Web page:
More than 70 million Americans experience fatigue, irritability, depression, inability to concentrate, memory problems, loss of productivity and auto or workplace accidents, primarily due to sleep disorders. These symptoms can affect many aspects of your life. If left untreated, some sleep disorders may increase the risk of high blood pressure, heart attack or stroke. Many people do not seek professional help because they do not realize it is available.
UofL Health offers two specialty Sleep Centers – the UofL Physicians Sleep Center in downtown Louisville, and the UofL Health – Shelbyville Hospital Sleep Center, in eastern Metro Louisville. Both centers offer specialty diagnostic and treatment services that can help you return to a normal, productive lifestyle.
The UofL Physicians Sleep Center is a state-of-the-art sleep lab set in a private, comfortable room that simulates a home setting, encouraging restful sleep. It is fully accredited by the American Academy of Sleep Medicine.
Our team of experienced, knowledgeable professionals work together to evaluate your situation and develop a treatment plan best suited for you. Pulmonologists, neurologists, psychologists, certified sleep technicians and nurses comprise the center’s team of medical professionals. We are pleased to offer full diagnostic and evaluative sleep services, while collaborating closely with referring physicians to design treatment plans addressing a wide variety of sleep complaints and disorders.
Diseases & Conditions
A sleep disorder is any condition that interrupts normal sleep-wake patterns. The following are some sleep disorders that we diagnose and treat.
Sleep Apnea and Snoring
Snoring is a common problem, but loud snoring can be a symptom of a serious sleep disorder called sleep apnea. People with this disorder actually stop breathing repeatedly during sleep (as many as several hundred times a night) due to complete or partial blockage of the airway by tissue in the nose or throat. The resulting decrease in oxygen levels may increase blood pressure and can cause the heart rate to slow or stop for a few seconds. The poor sleep quality caused by sleep apnea leads to excessive daytime sleepiness, difficulty concentrating, memory problems and headaches.
Narcolepsy is characterized by excessive, uncontrollable sleep episodes during the day that interfere with daily activities. Other symptoms may be vivid nightmares or hallucinations at the onset of sleep, temporary paralysis of arms and legs when falling asleep or sudden muscle weakness during moments of intense emotions, such as anger or excitement.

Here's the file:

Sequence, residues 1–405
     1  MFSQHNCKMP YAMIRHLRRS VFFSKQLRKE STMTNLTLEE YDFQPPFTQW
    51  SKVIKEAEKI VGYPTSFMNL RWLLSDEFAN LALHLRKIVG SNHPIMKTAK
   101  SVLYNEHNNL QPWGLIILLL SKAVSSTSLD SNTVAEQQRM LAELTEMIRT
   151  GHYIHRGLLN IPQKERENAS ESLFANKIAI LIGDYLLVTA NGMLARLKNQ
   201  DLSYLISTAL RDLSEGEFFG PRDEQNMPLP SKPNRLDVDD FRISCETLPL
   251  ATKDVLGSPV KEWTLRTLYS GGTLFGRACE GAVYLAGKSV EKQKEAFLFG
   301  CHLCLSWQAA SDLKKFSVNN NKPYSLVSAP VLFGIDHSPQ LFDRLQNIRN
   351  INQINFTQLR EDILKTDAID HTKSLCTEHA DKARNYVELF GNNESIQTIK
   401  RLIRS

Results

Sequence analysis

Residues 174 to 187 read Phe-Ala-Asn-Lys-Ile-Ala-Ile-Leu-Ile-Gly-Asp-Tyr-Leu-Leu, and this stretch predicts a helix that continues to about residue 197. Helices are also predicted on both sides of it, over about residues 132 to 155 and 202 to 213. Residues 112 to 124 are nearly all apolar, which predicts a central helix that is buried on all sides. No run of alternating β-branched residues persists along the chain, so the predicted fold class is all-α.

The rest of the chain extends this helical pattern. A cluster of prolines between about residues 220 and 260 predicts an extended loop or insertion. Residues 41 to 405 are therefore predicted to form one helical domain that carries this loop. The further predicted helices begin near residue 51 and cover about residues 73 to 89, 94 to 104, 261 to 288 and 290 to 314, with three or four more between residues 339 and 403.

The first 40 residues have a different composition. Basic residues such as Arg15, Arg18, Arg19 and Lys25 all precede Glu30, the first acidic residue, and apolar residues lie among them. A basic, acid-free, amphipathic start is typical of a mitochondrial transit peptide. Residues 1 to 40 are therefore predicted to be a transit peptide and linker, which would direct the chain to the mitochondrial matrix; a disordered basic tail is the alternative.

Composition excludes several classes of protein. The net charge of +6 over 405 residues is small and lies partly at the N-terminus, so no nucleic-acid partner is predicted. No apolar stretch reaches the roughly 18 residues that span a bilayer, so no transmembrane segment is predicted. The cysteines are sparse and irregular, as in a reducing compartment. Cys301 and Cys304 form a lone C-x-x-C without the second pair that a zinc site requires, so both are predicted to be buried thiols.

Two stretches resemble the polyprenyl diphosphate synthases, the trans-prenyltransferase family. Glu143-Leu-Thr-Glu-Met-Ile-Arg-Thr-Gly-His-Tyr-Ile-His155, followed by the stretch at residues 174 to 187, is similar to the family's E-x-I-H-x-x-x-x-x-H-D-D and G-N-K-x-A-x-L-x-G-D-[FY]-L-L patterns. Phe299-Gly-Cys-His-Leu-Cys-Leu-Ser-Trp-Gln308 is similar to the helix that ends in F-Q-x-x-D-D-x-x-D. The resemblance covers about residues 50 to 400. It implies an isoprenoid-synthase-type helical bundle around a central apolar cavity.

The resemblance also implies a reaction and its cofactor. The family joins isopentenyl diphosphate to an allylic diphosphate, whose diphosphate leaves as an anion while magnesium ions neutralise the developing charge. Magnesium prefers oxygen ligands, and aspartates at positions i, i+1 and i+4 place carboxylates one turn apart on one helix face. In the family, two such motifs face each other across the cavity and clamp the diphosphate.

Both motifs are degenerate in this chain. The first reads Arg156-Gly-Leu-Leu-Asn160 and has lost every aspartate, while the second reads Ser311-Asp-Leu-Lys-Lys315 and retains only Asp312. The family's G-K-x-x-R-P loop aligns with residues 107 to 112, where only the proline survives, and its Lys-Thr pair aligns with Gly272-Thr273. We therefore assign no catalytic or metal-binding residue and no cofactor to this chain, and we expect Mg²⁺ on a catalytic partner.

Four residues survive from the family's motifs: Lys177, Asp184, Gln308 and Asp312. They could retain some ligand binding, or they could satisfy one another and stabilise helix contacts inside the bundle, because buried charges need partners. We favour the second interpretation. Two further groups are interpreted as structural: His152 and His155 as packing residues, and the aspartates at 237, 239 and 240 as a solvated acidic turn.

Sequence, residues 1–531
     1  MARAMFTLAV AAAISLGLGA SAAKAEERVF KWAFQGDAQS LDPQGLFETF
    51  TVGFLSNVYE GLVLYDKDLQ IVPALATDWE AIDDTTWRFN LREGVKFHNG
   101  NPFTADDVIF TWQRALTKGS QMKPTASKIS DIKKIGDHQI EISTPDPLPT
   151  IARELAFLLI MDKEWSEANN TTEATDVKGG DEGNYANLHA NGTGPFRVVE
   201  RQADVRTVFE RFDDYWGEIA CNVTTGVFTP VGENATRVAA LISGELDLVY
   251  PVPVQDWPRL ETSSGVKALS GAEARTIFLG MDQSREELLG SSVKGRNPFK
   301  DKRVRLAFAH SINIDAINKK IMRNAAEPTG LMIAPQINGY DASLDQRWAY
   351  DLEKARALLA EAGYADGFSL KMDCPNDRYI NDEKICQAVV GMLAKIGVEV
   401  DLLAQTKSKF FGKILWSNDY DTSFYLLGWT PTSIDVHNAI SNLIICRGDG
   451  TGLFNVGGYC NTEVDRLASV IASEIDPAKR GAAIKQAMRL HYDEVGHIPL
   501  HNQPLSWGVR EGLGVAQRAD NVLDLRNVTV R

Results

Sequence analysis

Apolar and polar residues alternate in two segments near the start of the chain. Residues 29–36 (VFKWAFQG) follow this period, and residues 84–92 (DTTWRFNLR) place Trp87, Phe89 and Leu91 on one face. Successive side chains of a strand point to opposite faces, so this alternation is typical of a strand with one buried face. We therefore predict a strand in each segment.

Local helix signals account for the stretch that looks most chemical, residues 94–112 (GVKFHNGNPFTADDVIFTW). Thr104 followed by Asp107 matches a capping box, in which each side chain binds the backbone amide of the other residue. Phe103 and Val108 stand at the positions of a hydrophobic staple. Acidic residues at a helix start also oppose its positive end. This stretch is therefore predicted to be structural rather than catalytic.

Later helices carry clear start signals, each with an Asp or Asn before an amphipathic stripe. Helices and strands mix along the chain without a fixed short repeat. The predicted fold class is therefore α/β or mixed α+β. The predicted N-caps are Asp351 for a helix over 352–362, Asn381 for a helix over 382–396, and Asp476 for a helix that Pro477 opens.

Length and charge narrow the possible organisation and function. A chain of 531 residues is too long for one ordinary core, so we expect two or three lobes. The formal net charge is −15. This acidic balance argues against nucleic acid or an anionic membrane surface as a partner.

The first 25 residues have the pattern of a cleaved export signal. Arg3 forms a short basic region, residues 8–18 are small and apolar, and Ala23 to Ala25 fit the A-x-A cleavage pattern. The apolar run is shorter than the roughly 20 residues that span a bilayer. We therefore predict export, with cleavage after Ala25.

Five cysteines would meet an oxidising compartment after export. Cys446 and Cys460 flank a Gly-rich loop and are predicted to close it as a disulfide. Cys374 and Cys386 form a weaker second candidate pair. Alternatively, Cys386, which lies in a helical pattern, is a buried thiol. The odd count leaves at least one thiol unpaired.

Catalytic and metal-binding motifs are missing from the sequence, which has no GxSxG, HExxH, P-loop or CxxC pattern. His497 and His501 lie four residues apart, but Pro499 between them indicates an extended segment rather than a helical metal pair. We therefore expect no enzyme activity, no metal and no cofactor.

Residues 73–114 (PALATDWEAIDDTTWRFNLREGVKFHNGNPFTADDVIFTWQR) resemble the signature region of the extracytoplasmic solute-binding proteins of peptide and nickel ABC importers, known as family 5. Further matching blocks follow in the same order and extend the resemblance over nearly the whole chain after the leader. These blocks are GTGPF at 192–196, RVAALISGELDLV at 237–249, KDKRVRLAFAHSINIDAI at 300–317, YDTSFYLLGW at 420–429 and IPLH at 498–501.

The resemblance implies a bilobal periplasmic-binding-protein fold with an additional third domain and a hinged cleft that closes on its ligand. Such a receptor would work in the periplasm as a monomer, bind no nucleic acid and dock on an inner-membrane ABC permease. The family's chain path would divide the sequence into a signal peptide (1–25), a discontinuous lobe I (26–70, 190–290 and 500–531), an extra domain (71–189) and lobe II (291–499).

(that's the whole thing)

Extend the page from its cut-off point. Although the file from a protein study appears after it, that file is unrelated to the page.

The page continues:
Insomnia is a perception or complaint of inadequate or poor quality of sleep. It is characterized by trouble falling asleep, staying asleep or both. Insomnia affects people of all ages — both children and adults. Many factors contribute to insomnia, which include stress, lifestyle choices, environmental factors such as noise, and psychological factors such as depression and anxiety. Physical illness such as breathing disorders, periodic leg movements and gastro-esophageal reflux may also cause insomnia.
Restless Legs Syndrome
Restless legs syndrome is a condition in which individuals experience uncomfortable sensations in the legs or arms around bedtime, interfere with sleep onset, and are relieved by movement or activity. This condition can be worsened by lack of sleep, caffeine, certain medications, anemia, and pregnancy.
You may also experience sleep problems as a result of:
- Chronic respiratory problems or lung diseases, which can worsen during sleep, greatly reducing the oxygen levels in the blood.
- Significant changes in your sleep-wake schedule, such as those due to shift work or jet lag.
- Nightmares or night terrors. Nightmares are frightening dreams that can be recalled later, and can occur at any age. In adults, they may be related to psychological factors. Night terrors, on the other hand, cannot be recalled in the morning and are most common in young children.
Treatments & Services
When you call the UofL Physicians Sleep Center for an appointment, we will first send you a questionnaire, asking for your sleep and medical history. We will also ask you to maintain a sleep diary for several weeks. On your first visit, one of our board-certified physicians will review this information with you and conduct a physical exam.
If the physician determines that a sleep study is required, you will spend one or two nights in one of our private, comfortable hotel rooms, which simulates the home setting. A nearby room is equipped with sophisticated equipment for monitoring sleep stages, patterns, heart activity, blood oxygen levels and body movement. You may also be asked to stay during the day so that we may assess your daytime sleepiness.
If a sleep disorder is diagnosed, it can usually be treated effectively. The team of specialists at the UofL Physicians – Sleep Center will evaluate the results of your studies and make recommendations for treatment. Treatment may include medication, changes in daily habits or work schedules, or a simple nasal mask to relieve snoring and upper airway obstruction. You may be asked to return to the center for a follow up visit to check your progress, but your primary care physician could manage the long-term treatment of your sleep disorder.
UofL Physicians participates in most major health plans in Kentucky. Coverage may vary by specialty. Coverage limitations are dependent on the terms of your personal health plan. This is not a guarantee that all services you receive will be covered by your health plan. Review your health plan provider directory and/or consult with your plan to confirm coverage.